Tucked into a slender storefront between a couple of overflowing discount stores on the boisterous intersection of 24th and Mission is Stuffed, a new pierogi and beer bar.
Pierogi, boiled dumplings of Eastern European provenance, aren’t exactly a common sight amongst the tacos, burritos, and pupusas that fill the stomachs of the typical Mission Street wanderer. Stuffed opened in September, in hopes of filling in that missing gap. Co-owners Dana Sacco and Andrew Schoengrund are both from the pierogi-friendly Midwest, and they’re taking their cues from the Americanized dumplings they grew up eating. While traditional pierogi are humble, bare-bones dumplings of potatoes, farmer’s cheese, and (sometimes) meat served simply with caramelized onions and sour cream, the Midwestern versions are typically bigger, bolder, and full of cheddar cheese.
Sacco welcomed us in on a recent Saturday afternoon with a friendly smile and helpful tips on ordering. With only nine varieties on the menu, it was an easy decision to try one of each pierog. After ordering at the register, we settled in to watch the passing crowd from an outside table. The restaurant was empty, giving the impression that Stuffed was more appropriate for a late-night visit than for weekend lunch. We made a note to return another time after dark for beers, snacks, and a televised sports game.
Our table filled quickly with platters of pierogi, and Stuffed’s Midwestern pedigree becomes abundantly clear. Each pierog is fist-sized and large enough, in fact, to eat on its own as a solid snack. An order of two per plate makes a decent meal. Three are almost excessive. So the fairly high price, around $4 to $5 a pop, seems almost justified. There’s little chance of leaving without a full belly.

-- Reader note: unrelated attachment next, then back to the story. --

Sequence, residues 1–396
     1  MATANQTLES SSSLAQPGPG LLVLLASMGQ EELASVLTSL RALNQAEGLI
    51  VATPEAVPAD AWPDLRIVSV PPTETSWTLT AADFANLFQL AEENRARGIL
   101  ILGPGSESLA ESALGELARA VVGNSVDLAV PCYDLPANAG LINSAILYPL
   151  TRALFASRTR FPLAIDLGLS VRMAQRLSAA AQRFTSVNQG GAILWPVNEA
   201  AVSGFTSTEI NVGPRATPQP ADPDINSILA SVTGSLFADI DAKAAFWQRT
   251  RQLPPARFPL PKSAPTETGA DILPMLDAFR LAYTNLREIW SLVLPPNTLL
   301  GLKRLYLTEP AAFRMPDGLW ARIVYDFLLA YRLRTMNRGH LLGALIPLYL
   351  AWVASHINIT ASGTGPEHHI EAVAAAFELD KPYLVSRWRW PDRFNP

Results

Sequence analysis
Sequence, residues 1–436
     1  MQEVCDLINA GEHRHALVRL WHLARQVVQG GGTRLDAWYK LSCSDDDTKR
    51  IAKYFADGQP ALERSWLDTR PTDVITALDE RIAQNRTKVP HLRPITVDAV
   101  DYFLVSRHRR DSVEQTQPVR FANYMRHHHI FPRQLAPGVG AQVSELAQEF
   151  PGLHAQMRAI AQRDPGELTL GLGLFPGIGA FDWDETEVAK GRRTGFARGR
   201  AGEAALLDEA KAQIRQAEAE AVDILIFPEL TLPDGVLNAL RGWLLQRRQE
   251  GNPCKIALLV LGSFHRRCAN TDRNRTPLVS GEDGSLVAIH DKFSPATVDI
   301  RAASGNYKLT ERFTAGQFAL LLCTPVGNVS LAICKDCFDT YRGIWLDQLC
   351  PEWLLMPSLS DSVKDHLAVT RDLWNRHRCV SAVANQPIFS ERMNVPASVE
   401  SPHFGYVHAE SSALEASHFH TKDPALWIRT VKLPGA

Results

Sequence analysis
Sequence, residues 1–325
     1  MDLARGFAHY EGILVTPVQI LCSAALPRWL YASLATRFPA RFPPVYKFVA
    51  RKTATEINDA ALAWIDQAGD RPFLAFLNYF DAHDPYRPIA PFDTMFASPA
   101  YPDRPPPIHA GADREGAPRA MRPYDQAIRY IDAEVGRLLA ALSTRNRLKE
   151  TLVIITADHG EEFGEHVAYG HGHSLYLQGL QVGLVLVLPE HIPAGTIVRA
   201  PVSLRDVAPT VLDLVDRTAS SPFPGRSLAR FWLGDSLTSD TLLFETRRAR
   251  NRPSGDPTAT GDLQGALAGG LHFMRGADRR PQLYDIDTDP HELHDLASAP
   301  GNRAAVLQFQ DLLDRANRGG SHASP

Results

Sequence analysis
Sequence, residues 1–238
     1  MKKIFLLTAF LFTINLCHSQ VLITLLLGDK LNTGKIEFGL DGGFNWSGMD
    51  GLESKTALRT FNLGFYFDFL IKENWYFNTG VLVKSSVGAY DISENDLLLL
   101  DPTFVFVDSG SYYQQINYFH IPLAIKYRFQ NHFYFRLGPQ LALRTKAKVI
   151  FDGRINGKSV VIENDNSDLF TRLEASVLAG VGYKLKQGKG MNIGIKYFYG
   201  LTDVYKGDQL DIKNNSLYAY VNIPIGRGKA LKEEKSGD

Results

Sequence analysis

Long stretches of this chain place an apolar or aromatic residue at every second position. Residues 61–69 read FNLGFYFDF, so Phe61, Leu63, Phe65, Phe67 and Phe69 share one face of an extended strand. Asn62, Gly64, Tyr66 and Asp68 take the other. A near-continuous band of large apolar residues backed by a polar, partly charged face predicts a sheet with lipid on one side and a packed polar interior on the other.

The pierogi fillings themselves run the gamut from traditional potato and cheese to comically strange “buffalo” flavor. Thankfully, this bar snack doesn’t include minced chicken wings. Inside the hot sauce-laden dough is a mixture of mashed potatoes and blue and jack cheese. Neon orange buffalo sauce crowns the dumpling. While it sounds more like a party trick than a tasty lunch, this curious pierog was surprisingly tasty.
Also unexpected good were the bacon cheddar pierogi, hot pockets for the hipster set. The potato and cheese pierogi, jalapeño special, and smoked salmon with cream cheese were all solid, each with its own distinct identity. Llapingacho, Ecuadorian fried potato cakes, were as satisfying as any plate of mashed potatoes, but the lack of textural contrast from the missing dough made these feel like a concession to the gluten-free crowd.